Writing bindings in Rust: Part 1

I started learning rust early December, and the best way to learn a language is to use it. So I started looking for a project in rust and hopefully I was able to find a project which was writing bindings for libevdev in rust. There are a few blogs which talk about bindings but there were certain aspects that this blogs didn’t cover and I had to do some digging myself to get the answers. This aim of this post is to help anyone who wants to write bindings for a C library in rust.

To write bindings we need to call the C functions from rust code. To accomplish this rust provides us with foreign function interface(FFI) to talk with C. Before we call any C function from rust, we first need to declare that function in rust. We use the extern block provided by FFI for this. We will also use libc crate which provides us with C data types.


extern {
    // the corresponding C function will be
    // void hello_world();
    fn hello_world();

Let’s look at some examples to understand how various C functions are translated to their rust counterparts:

int area(int length, int width);
const char * get_name(unsigned int code);
const char * get_details(void *data);
extern {
    fn area(length: libc::c_int, width: libc::int) -> libc::c_int;
    fn get_name(code: libc::c_uint) -> *const libc::c_char;
    // the use of mut with c_void depends on the fact whether the
    // function is going to alter the value pointer by data or not
    fn get_details(data: *mut libc::c_void) -> *const libc::c_char;

linking with the C lib

The easiest way to link to a C lib is to use #[link(name = "libname")] i.e.

#[link(name = "libname")]
extern {
    fn area(length: libc::c_int, width: libc::int) -> libc::c_int;

But as usual this is not the recommended way, the recommended way is to use a build script to check if the C lib is available and build it ourselves if not present. A simple build script would check for installed library using pkg-config crate i.e.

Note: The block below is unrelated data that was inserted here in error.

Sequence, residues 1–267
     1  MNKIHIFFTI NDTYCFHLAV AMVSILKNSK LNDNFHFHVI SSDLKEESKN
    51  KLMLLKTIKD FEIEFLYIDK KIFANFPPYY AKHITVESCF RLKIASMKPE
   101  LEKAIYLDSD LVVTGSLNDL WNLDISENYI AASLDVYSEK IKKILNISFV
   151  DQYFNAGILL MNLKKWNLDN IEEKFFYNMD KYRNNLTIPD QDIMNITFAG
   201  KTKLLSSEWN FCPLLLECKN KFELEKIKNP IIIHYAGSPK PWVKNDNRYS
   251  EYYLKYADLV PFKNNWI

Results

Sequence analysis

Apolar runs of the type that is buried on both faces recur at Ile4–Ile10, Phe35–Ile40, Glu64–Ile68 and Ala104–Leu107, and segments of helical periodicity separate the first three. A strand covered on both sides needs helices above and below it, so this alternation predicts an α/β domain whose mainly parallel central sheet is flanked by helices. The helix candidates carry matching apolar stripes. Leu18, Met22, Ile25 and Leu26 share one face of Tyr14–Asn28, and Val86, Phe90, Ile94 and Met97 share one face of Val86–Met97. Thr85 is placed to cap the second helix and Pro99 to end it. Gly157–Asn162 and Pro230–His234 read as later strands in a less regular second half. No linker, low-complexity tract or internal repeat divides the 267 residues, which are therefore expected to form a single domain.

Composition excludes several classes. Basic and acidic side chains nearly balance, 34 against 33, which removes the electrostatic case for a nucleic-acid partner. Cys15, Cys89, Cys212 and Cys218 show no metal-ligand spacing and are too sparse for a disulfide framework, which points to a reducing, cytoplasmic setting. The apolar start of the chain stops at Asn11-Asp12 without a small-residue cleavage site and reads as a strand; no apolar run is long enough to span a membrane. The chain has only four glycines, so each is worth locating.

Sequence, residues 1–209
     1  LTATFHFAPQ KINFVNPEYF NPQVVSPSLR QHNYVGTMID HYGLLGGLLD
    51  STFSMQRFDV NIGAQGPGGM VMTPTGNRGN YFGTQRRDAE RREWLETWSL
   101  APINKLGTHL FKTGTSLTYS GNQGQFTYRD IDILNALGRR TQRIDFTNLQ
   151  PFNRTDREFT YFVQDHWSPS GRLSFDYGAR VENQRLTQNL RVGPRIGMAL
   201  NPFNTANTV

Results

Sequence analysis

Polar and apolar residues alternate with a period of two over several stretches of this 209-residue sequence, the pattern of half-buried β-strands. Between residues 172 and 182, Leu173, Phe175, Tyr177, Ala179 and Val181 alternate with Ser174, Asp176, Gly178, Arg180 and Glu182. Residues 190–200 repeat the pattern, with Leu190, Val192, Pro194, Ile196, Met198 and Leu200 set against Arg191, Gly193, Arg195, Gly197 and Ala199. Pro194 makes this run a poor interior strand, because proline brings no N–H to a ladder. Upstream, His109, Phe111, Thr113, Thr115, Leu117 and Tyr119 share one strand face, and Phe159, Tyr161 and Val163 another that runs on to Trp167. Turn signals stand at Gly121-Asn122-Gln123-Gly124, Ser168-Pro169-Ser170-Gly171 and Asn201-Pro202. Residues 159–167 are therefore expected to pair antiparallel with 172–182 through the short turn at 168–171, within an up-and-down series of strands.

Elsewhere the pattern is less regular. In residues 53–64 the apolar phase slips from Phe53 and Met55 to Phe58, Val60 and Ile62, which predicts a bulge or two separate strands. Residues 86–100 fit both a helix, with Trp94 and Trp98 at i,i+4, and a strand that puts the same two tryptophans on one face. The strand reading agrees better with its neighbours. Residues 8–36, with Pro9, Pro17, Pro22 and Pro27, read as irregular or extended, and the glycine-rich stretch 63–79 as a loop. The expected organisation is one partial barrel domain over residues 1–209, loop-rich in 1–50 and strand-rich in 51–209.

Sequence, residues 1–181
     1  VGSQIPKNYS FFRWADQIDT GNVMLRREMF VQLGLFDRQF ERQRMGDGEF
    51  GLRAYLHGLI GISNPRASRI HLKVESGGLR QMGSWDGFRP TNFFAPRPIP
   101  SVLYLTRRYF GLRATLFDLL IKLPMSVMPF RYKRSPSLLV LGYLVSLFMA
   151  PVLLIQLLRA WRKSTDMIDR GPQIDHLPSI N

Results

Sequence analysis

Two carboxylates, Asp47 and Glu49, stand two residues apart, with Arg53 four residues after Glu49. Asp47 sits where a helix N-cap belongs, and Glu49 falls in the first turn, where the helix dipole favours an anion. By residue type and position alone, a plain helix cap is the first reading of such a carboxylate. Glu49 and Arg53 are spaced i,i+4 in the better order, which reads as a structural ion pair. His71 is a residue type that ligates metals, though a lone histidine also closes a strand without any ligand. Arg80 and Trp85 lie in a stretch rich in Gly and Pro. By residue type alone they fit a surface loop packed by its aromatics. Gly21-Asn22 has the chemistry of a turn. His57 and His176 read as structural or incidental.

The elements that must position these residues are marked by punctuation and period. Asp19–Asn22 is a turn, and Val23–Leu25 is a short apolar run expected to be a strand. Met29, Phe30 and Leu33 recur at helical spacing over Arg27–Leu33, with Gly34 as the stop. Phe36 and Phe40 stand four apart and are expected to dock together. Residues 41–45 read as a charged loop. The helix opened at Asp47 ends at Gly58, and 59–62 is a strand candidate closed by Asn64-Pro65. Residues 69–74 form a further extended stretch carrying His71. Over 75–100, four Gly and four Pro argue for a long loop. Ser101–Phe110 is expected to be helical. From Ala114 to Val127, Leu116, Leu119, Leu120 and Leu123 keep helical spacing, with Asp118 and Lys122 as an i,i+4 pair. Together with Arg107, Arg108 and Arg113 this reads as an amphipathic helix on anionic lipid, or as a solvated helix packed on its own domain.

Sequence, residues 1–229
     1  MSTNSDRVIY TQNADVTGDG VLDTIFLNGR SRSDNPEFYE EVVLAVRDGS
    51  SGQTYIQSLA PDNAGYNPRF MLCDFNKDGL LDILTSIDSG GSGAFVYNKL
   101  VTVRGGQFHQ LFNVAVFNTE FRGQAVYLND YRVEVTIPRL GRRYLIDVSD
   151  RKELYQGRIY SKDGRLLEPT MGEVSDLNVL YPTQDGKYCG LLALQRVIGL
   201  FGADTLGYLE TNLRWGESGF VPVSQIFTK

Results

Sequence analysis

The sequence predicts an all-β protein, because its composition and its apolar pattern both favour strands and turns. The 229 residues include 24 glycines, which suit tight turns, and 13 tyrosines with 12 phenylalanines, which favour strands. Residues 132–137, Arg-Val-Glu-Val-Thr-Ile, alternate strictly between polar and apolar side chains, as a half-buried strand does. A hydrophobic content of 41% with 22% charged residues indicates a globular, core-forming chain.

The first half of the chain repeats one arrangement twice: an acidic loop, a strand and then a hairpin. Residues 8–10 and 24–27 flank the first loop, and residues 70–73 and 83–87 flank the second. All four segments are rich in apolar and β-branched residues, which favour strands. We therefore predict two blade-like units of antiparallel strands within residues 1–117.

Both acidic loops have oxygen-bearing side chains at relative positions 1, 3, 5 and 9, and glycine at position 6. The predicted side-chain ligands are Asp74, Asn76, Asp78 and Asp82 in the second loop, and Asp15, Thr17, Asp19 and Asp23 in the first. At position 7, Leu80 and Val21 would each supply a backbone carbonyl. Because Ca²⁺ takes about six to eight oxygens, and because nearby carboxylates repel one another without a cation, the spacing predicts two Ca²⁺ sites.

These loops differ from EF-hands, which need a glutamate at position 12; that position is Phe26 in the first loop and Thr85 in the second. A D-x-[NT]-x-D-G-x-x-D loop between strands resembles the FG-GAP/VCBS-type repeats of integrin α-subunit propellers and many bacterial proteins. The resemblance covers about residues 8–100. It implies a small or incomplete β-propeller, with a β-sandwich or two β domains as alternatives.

extern crate pkg_config;

fn main() {

   if let Ok(lib) = pkg_config::find_library("libevdev") {
        for path in &lib.include_paths {
            println!("cargo:include={}", path.display());

I won’t dwell into building of packages as of now as that would deviate us from the topic at hand, however the crates.io has a good documentation regarding build script.


Structs in C and Rust are pretty similar, the difference being the types used.

struct input_absinfo {
	int value;
	int minimum;
	int maximum;
	int fuzz;
	int flat;
	int resolution;

void set_abs_info(unsigned int code,
                  const struct input_absinfo *abs);

translates to

pub struct input_absinfo {
    pub value: libc::c_int,
    pub minimum: libc::c_int,
    pub maximum: libc::c_int,
    pub fuzz: libc::c_int,
    pub flat: libc::c_int,
    pub resolution: libc::c_int,

extern {
    pub fn libevdev_set_abs_info(code: c_uint,
                                 abs: *const input_absinfo);

For opaque structs the rust documentation suggests use of enums, which is explained really nicely here.


There is no nice way to import enums from C, therefore we need to use c_int in place of enums for functions. Though we can declare the enum as constants i.e.

enum libevdev_grab_mode {

int libevdev_grab(struct libevdev *dev, enum libevdev_grab_mode grab);

will be used as

pub enum libevdev {} // libevdev is a opaque struct

pub type libevdev_grab_mode = libc::c_int;

pub const LIBEVDEV_GRAB: libevdev_grab_mode = 3;
pub const LIBEVDEV_UNGRAB: libevdev_grab_mode = 4;

extern {
    pub fn libevdev_grab(ctx: *mut libevdev,
                         grab: libevdev_grab_mode) -> c_int;

Putting things together

Now we are ready to use the C functions in rust, but since C is “unsafe” as it lacks memory safety we need to call C functions in an unsafe block.

extern {
    fn area(length: libc::c_int, width: libc::int) -> libc::c_int;

fn main() {
    let width: i32 = 5;
    let height: i32 = 10;

    let area = unsafe {
        area(width as libc::c_int, height as libc::c_int)

We can now declare all the C functions and structs from our library in a crate. This crate would allow us to access raw C functions of the library. According to the conventions suggested by crates.io the name of this crate should be libname-sys. But our work is not over yet as using raw C functions in rust directly is not a good practice, it is also tedious for the end user of the crate as he needs to take care of memory safety and type conversion. Therefore we need to write a wrapper around this functions which will allow us to make them easier to use and rust-y too. It will be easier to explain writing wrappers using an example, so we will write a wrapper for a part of the libevdev library in the next post.

Until then Stay Tuned!!